'A million little pieces:' National Park Service, state lower boom on Atlantic City crafter village

The Crafters at Gardner's Basin in Atlantic City is being shut down by the National Park Service, , along with the New Jersey Department of Environmental Protection, because the village's sheds violate regulations.

ATLANTIC CITY - Sometimes it seems the little people in Atlantic City can never get a break, especially the ones who run little businesses.

None are littler, maybe, than the 10 or so crafters who occupy temporary wooden huts in the warm months at Gardner's Basin, a hidden jewel in the Northeast Inlet, across the marina basin from Borgata. It's a cozy waterfront site near a commercial fishing dock that is home to the city's aquarium, a tavern, a breakfast spot, charter boats and epic sunsets.

Last week, the crafters were told to pack up their inventory (beads, crafts, shabby chic, dolls, hats, sunglasses, and the like) and not return — because the National Park Service and the state's Department of Environmental Protection say the sheds violate regulations.

"My heart is broken in a million little pieces," Kimberley Cantrell, owner of Kimmie's Knick Knack, wrote on Facebook after being told to remove her inventory from the shed and return the key.

Lisa Schall, director of the Atlantic City Aquarium/Historic Gardner's Basin, informed crafters of the move "with great sadness."

Because Gardner's Basin was established with $200,000 in Park Service money 40 years ago through a federal Land, Water and Conservation grant, as well as $300,000 from the state Green Acres fund, the Park Service and the state Department of Environmental Protection enforce a host of regulations covering open and recreational spaces.

"They have determined that the crafters' sheds don’t fit the definition of allowable use of a Green Acres-funded site," said Chris Seyer, head of the nonprofit Gardner's Basin Foundation, which operates the park and also receives funding from the city. "They deemed the sheds themselves are not conducive to the recreational priorities of the park. 

"I don’t agree with it," he added. "They're picking on the little guy."

Seyer said the city notified him after he submitted all leases related to Gardner's Basin for routine review. He said the city said the Park Service was objecting to the sheds. The restaurants and some larger shops, like a surf shop, that are housed in cedar buildings that date back to the original funding are not affected.

Larry Hajna, a spokesman with the DEP, said the regulations that stem from the original grant money prohibit for-profit businesses unless they are related to conservation or recreation.

He said those vendors that were not consistent with the requirements would have to move out for the city to be in compliance with state and federal regulations. He said that there was no strict deadline for that compliance, but that it could jeopardize future funding.

"Those that are not consistent with the federal requirement will have to move out," but not those that are more consistent with the federal requirement. 

"Bait and tackle shops would be consistent with enjoyment of recreation," he said. "A doll maker, not to single anybody out, is not. A jewelry shop is not."

He said meetings have been ongoing since the city proposed locating a rum distillery at Gardner's Basin - historically a rum runners' locale and was told it violated Green Acres regulations. Little Water Distillery subsequently opened in a renovated warehouse on Baltic Avenue.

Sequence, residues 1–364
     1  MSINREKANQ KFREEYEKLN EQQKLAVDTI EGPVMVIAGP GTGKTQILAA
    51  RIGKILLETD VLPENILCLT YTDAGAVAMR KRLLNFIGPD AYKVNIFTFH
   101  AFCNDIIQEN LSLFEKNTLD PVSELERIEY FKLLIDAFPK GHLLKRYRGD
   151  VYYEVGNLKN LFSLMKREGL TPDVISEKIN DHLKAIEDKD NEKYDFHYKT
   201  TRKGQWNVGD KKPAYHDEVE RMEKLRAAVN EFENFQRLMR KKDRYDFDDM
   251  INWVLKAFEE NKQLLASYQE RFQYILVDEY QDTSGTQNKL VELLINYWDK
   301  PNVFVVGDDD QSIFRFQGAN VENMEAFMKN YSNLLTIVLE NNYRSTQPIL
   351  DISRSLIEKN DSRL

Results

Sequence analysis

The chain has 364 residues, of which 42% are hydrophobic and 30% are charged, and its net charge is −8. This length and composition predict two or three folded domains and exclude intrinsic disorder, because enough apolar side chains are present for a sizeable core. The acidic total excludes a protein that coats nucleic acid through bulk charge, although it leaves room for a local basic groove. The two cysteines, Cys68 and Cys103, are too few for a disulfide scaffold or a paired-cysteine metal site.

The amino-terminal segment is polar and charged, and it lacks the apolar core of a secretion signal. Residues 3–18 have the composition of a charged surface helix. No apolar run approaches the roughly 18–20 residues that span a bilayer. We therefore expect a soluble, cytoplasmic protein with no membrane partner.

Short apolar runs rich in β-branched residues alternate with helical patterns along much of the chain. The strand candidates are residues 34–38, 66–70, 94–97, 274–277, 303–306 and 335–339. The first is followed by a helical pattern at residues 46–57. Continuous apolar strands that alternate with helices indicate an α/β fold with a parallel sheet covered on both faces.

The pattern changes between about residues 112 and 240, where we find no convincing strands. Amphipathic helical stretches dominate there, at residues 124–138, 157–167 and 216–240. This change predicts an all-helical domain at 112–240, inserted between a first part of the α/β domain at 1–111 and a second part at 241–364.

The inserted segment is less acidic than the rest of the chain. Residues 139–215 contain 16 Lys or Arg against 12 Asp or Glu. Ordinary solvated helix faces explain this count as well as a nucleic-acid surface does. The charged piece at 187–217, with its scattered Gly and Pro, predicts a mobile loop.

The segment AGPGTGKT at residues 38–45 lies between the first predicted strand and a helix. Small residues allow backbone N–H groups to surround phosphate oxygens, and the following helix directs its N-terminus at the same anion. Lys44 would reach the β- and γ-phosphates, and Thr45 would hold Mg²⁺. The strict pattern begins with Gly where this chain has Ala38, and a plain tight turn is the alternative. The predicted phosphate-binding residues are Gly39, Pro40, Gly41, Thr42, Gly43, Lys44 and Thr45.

John Warren, chief of communications with the National Park Service's Northeast Region in Philadelphia, said Thursday afternoon,  “We’re looking into it. It involves Washington.”

Seyer said he hoped the city would be able to negotiate at least a one-year reprieve because the crafters have already purchased inventory for the season.

He said the Park Service had also questioned the foundation's use of volunteer gardeners to landscape the area. He recently gave a tour to nine regulators, he said.

Calls to the city's Planning Department seeking comment were not returned.

Crafters are planning to attend City Council next week, and Sayer said the city  is trying to broker a solution. The city has multiple tracts of land that are governed by Green Acres regulations.

Currently at Gardner's Basin there are an aquarium and event space, a tavern (Back Bay Ale House), a breakfast spot (Gilchrist's), charter boat tours, a surf shop, and, in the summer, a couple of food trucks, a bar, and live music of varying sorts. It's a spot that locals cherish and most think could be even better —Atlantic City's version of Spruce Street Harbor Park perhaps, with working clam boats just up the way. And instead of shipping containers for vendors, there were these little sheds.

(Across New Hampshire Avenue is a vacant tract owned by the Kushner Cos., which the city has been unable to persuade the company owned by real estate investor and White House adviser Jared Kushner to either develop or sell back to the city.)

A new Boardwalk in the Inlet section will ultimately connect to Gardner's Basin, making the Park Service's decision about a village that has been there for years more puzzling. The little wooden houses can be dismantled and transported to another location.

Cantrell, who says she and the others pay a modest rental fee for the season and engage with lots of tourists and locals at Gardner's Basin, said she could not understand why the village would be shut down.

To "every person who came, we were representatives of Atlantic City," she said. "Everyone who came through said this is such a gem. They loved it."

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